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  1. #1
    Join Date
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    Default Bitcoin

    Was reading about this today, sounds really interesting. Reminded me a bit of that story a few years back where some guy perpetrated a fraud in game currency on Better Than Life (or something like that) - which raised some interesting questions as the game currency trades on ebay and various other places for real money ie it has an exchange rate with the real world so arguably he'd committed a real crime. Anyway, seems that these Bitcoin things ought to be more secure than that - or are they?
    For those who don't know what I'm on about

    Bitcoin is a digital currency created in 2009 by Satoshi Nakamoto. The name also refers both to the open source software he designed to make use of the currency and to the peer-to-peer network formed by running that software. Interest in Bitcoin, represented by Google searches for the term, rose enormously in the second quarter of 2011.[1] As of May 2011, no major retailer accepts the currency for payment.[2]
    Unlike other digital currencies, Bitcoin avoids central authorities and issuers. Bitcoin uses a distributed database spread across nodes of a peer-to-peer network to journal transactions, and uses digital signatures and proof-of-work to provide basic security functions, such as ensuring that bitcoins can be spent only once per owner and only by the person who owns them.
    Bitcoins, often abbreviated as BTC, can be saved on a personal computer in the form of a wallet file or kept with a third party wallet service, and in either case bitcoins can be sent over the Internet to anyone with a Bitcoin address. The peer-to-peer topology and lack of central administration are features that make it infeasible for any authority (governmental or otherwise) to manipulate the quantity of bitcoins in circulation, thereby mitigating inflation.[3]
    I'm interested in this lack of central control and how things such as inflation etc will work. I'm also not sure how new ones are generated - it says that they will be generated in decreasing amounts to a fixed finite level but who gets them? - and what it means for the currency. How likely is it to be superseded by another similar system etc etc?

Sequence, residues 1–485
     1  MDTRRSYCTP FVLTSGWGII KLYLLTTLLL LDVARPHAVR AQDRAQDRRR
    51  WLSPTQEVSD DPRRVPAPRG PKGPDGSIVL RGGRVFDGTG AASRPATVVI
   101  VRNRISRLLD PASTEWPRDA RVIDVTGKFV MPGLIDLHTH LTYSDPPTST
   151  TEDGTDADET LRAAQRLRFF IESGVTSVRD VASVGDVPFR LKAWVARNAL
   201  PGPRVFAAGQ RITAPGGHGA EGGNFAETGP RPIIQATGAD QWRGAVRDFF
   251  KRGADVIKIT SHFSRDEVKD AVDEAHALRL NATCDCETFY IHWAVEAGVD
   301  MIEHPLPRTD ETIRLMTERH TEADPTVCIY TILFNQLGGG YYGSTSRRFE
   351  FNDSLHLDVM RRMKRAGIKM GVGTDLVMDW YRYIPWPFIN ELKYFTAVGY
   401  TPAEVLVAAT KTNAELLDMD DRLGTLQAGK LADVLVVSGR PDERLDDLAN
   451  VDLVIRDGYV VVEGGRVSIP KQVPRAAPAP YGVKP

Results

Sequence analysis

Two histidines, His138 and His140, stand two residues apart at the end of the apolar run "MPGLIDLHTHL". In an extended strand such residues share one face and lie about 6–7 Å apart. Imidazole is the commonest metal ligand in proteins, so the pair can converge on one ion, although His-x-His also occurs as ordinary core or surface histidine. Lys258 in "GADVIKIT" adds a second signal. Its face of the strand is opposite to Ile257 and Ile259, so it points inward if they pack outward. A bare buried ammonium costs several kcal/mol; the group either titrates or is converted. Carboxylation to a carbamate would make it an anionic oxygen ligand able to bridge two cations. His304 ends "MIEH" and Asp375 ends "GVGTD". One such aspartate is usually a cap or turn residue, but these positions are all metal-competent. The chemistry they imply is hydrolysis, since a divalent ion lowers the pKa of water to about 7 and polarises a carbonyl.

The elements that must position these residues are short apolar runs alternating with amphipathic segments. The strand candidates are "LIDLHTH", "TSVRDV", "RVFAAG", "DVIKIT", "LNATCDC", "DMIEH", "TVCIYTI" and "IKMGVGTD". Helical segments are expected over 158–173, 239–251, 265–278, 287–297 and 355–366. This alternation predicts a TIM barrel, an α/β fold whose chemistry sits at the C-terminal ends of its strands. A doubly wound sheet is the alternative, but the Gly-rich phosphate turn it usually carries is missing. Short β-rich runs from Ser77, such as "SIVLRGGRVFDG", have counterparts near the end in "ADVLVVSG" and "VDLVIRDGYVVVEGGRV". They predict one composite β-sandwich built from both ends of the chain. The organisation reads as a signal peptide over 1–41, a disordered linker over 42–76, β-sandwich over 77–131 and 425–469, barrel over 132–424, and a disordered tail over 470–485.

http://en.wikipedia.org/wiki/Bitcoin

    Has anyone ever used these?

    (I didn't know if this should go in politics or technology or what so I stuck it in miscellaneous)

  2. #2
    Join Date
    Aug 2009
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    My little bro knew about this when they were worth .10c a pop. Now worth about 20 dollars a go (and were about 30 dollars a week ago).

  3. #3
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    And did he get any? I think that the way that the coins are disseminated means that there should be an advantage in being an early adopter - necessary I suppose if you're going to get the thing off the ground.

  4. #4
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    Quote Originally Posted by IdleRich View Post
    And did he get any? I think that the way that the coins are disseminated means that there should be an advantage in being an early adopter - necessary I suppose if you're going to get the thing off the ground.
    yeh, pyramid schemes tend to favor the early adopter...
    this looks handy tho http://www.wired.com/threatlevel/2011/06/silkroad/

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  6. #5
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    Interesting, yes. So, supposing I sell a load of things and get some bitcoins, how do I turn them back into cash? And how do I do it anonymously?

  7. #6

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